Animal rights group, county officials spar over alleged cockfighting ring
Authorities say group's undercover tactics harmed any chance at prosecution
MIAMI-DADE COUNTY, Fla. – A well-known animal rights group has accused Miami-Dade County officials of doing nothing after the organization says it exposed a brutal animal fighting ring operating in southwest Miami-Dade.
The county has pushed back, accusing the organization of using tactics that harmed the potential investigation.
The Animal Recovery Mission, or ARM, said the evidence is all there on camera from a cockfighting ring operating at "Rancho El Triangulo" near Southwest 213th Avenue Road. Video from an undercover ARM investigator revealed horrific animal abuse, illegal liquor sales and gambling.
During the surveillance, the ARM representative witnessed birds outfitted with spikes, brutal fighting, often to the death. Birds badly injured were discarded in the trash, left to die and covered by trash.
"So for 25 minutes they're literally puncturing each other," said an undercover investigator for ARM who asked not to be identified. "And it's not a puncture where it can cause death, immediate death. It's slow."
But nearly five months after calling police and handing over evidence, no arrests have been made.
"Everyone in this industry feels so incredibly safe. It's almost like a legal industry in Miami," said ARM President Richard Couto.
Couto said ARM called Miami-Dade Police on June 23 to report a fighting event happening at the ranch.
At least six patrol cars arrived to the area. Officers remained in their cars and ran sirens for more than three minutes.
"It was basically warning everyone in there that law enforcement presence was at the front gate," Couto said.
He said he understands officers not rushing in, given the potentially dangerous situation however, he said he was shocked when police opened the gate to the property and let everyone leave.
Couto confronted Miami Dade Police saying, "This is an illegal cock fighting operation. It’s a felony just to be in here. Did you not know that?" The law enforcement officer replied, "I did not know that." He then walked away. No arrests were made.
Couto said officers took statements from several people involved. "They have some of the main and largest animal fighters in our country admitting, ‘Yes, we were here for cockfighting.’"
In June, Miami-Dade police told Local 10 News they found no cockfighting or dead animals.
"Observing as a spectator in this, it's a third-degree felony," said state Sen.-elect Jason Pizzo who used to prosecute animal cruelty cases for the Miami-Dade State Attorney’s Office. He has worked with ARM on cases before and was at the ranch in June.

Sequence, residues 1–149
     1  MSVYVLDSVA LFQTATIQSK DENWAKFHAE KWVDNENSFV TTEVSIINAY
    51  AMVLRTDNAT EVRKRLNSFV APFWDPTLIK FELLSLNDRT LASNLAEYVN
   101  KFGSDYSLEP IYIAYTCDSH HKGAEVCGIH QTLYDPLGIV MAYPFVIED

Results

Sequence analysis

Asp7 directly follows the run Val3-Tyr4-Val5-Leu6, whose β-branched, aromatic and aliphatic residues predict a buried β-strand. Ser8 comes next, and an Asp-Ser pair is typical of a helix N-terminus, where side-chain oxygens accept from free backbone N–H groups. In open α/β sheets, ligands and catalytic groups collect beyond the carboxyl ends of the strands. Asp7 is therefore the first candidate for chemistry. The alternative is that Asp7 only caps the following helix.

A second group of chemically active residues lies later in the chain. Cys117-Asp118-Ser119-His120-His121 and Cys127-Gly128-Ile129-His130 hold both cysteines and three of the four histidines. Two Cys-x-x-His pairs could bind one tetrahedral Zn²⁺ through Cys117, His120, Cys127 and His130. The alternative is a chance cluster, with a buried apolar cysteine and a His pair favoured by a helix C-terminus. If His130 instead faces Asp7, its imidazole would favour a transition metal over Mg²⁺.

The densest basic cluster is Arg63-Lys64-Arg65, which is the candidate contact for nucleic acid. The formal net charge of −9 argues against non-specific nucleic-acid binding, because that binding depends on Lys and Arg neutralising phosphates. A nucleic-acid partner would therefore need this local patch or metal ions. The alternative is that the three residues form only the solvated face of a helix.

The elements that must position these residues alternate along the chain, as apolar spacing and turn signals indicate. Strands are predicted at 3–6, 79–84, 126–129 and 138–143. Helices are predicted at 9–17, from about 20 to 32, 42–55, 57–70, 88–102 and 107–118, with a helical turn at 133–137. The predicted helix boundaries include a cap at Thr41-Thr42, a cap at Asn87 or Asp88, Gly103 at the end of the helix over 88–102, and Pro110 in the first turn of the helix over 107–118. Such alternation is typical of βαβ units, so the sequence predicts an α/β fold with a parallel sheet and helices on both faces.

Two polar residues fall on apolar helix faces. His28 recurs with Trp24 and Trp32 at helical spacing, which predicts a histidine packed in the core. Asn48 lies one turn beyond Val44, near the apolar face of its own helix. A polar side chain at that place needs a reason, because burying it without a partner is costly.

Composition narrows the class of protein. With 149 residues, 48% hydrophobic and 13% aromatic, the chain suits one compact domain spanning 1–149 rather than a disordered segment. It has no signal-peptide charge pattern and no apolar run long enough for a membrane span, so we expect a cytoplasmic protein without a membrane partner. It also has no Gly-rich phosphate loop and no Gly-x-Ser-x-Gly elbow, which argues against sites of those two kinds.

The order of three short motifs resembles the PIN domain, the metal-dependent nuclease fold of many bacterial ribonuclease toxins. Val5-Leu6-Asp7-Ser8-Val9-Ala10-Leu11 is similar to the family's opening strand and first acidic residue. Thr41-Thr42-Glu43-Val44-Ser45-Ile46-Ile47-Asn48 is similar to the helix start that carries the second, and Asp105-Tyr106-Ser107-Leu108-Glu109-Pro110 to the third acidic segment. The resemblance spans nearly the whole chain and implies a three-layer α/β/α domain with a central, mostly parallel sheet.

Pizzo said the evidence gathered by ARM is legally obtained.
"There’s just a general either confusion or indifference as it relates to what the law is," Pizzo explained. "It's staring them in the face, and it doesn't take years and years of training and experience to realize what the situation is."
More key evidence of cockfighting was the roosters themselves. ARM veterinarians were able to treat and rehabilitate five birds they found abandoned near the property. Despite requests to the county to treat the remaining birds at the scene, Miami-Dade Animal Services seized 42 birds from the ranch. In an email exchange a representative from the agency told Pizzo the birds could not be rehabilitated and were all euthanized.
Miami-Dade Police officials said ARM should have involved them in the investigation prior to calling 911, which forced officers to respond with no information or time to prepare for the complex scene.
Couto voiced concerns after two previous cockfighting operations fell apart due to leaks he says happened immediately after meeting with police to coordinate.
"Our covers have been blown repeatedly from dealing with law enforcement too soon," he said.
Late Tuesday the state attorney’s office stated the case was still pending. After Local 10 News requested information the office sent out a detailed memo Wednesday saying they would not prosecute. The memo criticized ARM’s tactics as dangerous to civilians.
Michael Filiteau, assistant state attorney overseeing the office's efforts to combat organized crime, wrote in part:
"I believe that filing such charges would tend to encourage ARM to conduct future undercover investigations without appropriate supervision and support from law enforcement agencies and thus to engage in behavior that is both extremely unsafe and potentially illegal."
The memo did not question the legality of recordings obtained by ARM.
Miami-Dade police Director Juan Perez said the department remains committed to investigating criminal cases of animal abuse, neglect and baiting.
"In this case, we share many of the concerns of the Miami-Dade State Attorney’s Office and encourage any persons or groups with information concerning criminal activity to bring the information to the attention of law enforcement personnel ... so an investigation can be initiated by proper authorities and under the rule of law.”
It’s not clear why the SAO voiced concerns regarding partnering with ARM now, an agency it has worked with for years on several prior cases.
After an illegal slaughterhouse bust in 2015, State Attorney Katherine Fernandez Rundle wrote in a news release: "I applaud the partnership which allows my prosecutors, the Miami-Dade Police Department and the Animal Recovery Mission to effectively shut down such ghastly operations."
When asked if the SAO had expressed similar concerns in the past, Couto replied, "Never. Never." He added, "It's disheartening that the relationship that we've built over the years with this office is crashing down before my eyes."
Meanwhile, ARM has continued to assist with cases in Broward County, including a case in August involving Sunrise Police that led to the arrest of a man on over a dozen animal cruelty charges.
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